ASSEMBLY MEMBER YEE INTRODUCES LEGISLATION RESTRICTING THE SALE OF VIOLENT VIDEO GAMES TO CHILDREN

Studies Show Graphically Violent Video Games Lead to Aggressive Behavior in Children

SAN FRANCISCO – Assistant Speaker pro Tempore Leland Yee (D-San Francisco) joined law enforcement officers, women’s groups, child advocates, and other elected leaders at Union Square on Monday to announce his proposed legislation focused on restricting the sale of violent video games to children.

“This legislation will expand the definition of ‘harmful matter to children’ to include video games that visually depict serious injury to human beings in a manner that is especially heinous, atrocious, or cruel,” said Assemblymember Yee. “Ninety-two percent of children between two and seventeen years of age play video or computer games and about forty percent of those games are rated Mature, which are games designed for adults.”

Earlier this year, Oakland police arrested a group of young men calling themselves the “Nut cases,” who committed several car-jackings, robberies, and murders. According to police, they were inspired to commit these crimes by the video game Grand Theft Auto 3, in which they developed the tactical skills necessary to carry out this violence. One perpetrator even said, “We played the game by day and lived the game by night.”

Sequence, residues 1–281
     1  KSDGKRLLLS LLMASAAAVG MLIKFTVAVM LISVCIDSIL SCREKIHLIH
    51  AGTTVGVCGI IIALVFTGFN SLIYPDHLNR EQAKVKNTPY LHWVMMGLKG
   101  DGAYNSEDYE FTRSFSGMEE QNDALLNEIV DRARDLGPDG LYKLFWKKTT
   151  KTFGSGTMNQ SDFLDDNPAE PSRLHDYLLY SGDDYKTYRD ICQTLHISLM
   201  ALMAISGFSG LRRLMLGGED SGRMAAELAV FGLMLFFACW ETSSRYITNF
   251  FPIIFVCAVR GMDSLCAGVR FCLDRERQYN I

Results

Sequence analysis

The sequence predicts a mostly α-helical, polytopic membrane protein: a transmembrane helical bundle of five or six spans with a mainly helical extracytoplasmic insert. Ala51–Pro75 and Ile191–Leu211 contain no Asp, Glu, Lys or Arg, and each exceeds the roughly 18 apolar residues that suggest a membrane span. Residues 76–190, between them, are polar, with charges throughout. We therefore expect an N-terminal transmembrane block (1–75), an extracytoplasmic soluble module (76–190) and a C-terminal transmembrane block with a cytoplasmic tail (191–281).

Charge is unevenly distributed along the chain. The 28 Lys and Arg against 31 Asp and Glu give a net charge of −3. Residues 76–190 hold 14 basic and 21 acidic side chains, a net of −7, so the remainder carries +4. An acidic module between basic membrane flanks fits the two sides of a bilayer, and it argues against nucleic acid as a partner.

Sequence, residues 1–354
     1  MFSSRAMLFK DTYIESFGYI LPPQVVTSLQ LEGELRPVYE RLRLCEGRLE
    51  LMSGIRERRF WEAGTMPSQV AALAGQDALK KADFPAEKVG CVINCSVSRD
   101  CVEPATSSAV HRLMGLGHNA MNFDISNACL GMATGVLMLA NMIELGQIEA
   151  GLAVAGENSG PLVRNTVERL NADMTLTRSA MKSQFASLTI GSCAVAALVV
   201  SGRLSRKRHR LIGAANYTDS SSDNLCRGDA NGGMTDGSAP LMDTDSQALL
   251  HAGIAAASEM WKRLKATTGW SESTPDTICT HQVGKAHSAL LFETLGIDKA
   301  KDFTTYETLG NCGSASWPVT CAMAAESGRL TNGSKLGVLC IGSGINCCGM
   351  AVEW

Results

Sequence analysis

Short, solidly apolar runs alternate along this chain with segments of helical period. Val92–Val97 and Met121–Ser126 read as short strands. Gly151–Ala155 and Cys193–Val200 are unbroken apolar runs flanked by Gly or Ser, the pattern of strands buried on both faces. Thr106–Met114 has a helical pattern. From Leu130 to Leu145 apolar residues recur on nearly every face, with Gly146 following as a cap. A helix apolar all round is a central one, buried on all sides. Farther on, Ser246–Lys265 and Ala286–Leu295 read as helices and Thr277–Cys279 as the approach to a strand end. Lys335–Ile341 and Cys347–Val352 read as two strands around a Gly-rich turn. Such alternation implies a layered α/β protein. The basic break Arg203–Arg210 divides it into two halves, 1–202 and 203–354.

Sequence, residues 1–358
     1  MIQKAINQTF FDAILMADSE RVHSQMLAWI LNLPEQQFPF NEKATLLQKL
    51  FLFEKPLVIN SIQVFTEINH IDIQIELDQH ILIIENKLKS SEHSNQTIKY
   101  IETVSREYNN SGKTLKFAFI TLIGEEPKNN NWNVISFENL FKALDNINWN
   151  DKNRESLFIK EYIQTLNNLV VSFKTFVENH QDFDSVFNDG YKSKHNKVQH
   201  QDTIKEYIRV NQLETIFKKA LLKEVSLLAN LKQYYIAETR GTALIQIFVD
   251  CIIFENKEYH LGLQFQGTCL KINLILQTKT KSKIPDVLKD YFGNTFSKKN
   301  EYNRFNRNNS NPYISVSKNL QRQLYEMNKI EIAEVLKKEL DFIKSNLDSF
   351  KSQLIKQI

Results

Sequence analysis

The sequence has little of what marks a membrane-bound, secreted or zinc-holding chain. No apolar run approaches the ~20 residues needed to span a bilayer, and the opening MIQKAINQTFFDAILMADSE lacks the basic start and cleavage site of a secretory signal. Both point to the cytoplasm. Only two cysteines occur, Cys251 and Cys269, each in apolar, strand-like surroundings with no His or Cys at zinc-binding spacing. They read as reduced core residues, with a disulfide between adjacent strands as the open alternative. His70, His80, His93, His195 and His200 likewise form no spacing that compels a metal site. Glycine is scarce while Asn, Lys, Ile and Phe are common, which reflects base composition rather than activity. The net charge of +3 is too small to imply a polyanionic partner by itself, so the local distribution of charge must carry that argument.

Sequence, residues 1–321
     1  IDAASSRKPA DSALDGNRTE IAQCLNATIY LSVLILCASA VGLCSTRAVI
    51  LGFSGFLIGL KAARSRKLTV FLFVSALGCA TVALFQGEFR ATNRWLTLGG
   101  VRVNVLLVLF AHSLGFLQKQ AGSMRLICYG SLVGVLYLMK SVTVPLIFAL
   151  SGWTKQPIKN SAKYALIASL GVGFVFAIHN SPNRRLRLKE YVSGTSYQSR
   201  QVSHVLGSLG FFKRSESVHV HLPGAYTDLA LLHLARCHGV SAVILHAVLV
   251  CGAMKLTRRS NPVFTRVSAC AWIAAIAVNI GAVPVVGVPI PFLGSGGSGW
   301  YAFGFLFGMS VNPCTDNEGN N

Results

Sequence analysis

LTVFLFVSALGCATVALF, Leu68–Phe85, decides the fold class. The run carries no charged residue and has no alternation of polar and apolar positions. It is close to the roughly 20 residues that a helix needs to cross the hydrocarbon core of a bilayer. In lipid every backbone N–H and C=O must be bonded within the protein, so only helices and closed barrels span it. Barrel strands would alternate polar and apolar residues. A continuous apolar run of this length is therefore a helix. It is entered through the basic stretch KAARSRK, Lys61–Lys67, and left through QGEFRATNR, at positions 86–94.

“I believe the game manufacturers have the right to produce them for adults, but clearly these graphically violent games are harmful to children,” said Assemblymember Yee. “When the American Academy of Pediatrics, the American Medical Association, the American Academy of Child and Adolescent Psychiatry, and the American Psychological Association, all come together and jointly state that this type of entertainment leads to aggressive behavior, then as a community we must protect our children.”

Mature-rated games are the fastest growing segment of the 10 billion-dollar video game industry. Most of these games involve a form of play called “first person shooters,” where the player advances in the game by killing. The top selling games of 2002 reward players for killing police officers, maiming elderly persons, running over pedestrians and committing despicable acts of murder and torture upon women and racial minorities.

Assemblymember Yee will also be introducing a second bill that will require video game retailers to display video games with mature content in a manner consistent with the industry’s own advisories. This bill will require retailers to display Mature-rated games out of eye-level view of small children and separate from all other games. Stores will also be required to display signs explaining the Entertainment Software Ratings Board (ESRB) ratings system. In an effort to reduce access of these games to children, stores will also be prohibited from providing free preview-play of Mature-rated games to minors.